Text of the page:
UC Santa Cruz
Implementing Correct and Efficient Collision Avoidance in Multi-Hop Ad-Hoc Networks
- Author(s): Garcia-Luna-Aceves, J.J.
- et al.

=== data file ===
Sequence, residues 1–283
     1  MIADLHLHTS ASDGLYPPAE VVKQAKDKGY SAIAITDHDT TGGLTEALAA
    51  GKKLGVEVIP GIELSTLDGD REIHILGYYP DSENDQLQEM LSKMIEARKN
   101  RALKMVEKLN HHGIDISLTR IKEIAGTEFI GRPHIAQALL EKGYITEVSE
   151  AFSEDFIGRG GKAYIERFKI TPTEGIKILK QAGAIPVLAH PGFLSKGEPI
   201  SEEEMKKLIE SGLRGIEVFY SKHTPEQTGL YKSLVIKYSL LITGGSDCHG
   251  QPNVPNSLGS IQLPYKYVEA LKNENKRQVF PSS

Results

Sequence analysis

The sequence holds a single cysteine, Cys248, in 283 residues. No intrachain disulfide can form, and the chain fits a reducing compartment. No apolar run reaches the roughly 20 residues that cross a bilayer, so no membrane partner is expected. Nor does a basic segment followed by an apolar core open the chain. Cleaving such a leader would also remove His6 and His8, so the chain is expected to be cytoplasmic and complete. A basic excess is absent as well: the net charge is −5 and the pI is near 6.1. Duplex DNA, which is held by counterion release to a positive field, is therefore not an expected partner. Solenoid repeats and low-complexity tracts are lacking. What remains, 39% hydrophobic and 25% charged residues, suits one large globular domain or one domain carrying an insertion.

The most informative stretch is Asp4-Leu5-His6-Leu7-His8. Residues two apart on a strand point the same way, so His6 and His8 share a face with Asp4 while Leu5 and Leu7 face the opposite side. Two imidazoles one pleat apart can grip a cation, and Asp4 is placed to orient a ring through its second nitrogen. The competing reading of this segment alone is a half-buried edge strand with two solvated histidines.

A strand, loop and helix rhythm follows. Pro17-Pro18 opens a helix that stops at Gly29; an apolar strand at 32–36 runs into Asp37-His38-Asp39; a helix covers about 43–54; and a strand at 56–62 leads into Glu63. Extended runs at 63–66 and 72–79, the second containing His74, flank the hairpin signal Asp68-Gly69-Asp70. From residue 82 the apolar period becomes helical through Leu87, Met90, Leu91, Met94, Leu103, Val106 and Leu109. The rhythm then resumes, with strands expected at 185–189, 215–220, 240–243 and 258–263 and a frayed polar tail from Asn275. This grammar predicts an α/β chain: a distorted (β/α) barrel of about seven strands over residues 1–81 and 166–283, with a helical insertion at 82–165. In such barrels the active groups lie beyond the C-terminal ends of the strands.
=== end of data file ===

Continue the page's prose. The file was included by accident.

CSMA/CAP (Carrier-Sense Multiple Access with Collision Avoidance and Pilots) is introduced for ad-hoc networks in which each node has a single half-duplex radio. Using carrier sensing to access the common channel, a node with a data packet to send transmits a request-to-send (RTS) packet. If the RTS is sent without interference, the receiver sends a clear-to-send (CTS) packet followed by a pilot. A sender that receives a CTS for itself sends its data packet after a delay to let the pilot be heard and and then transmits its own pilot to make the total transmission time equal to a maximum data-packet length. The receiver sends its ACK after receiving the data packet and pilot from the sender. It is shown that no channel-access protocol based on the traditional RTS-CTS handshake over a single channel can guarantee collision-free transmissions of variable-length data packets and ACK’s, and that CSMA/CAP does ensure that data packets and their ACK’s are sent without multiple-access interference. The throughput of CSMA/CAP is compared with the throughput of CSMA in networks with and without hidden terminals, and the results show that the overhead of CSMA/CAP to eliminate collisions is small and that CSMA/CAP performs far better than CSMA when hidden terminals are present.
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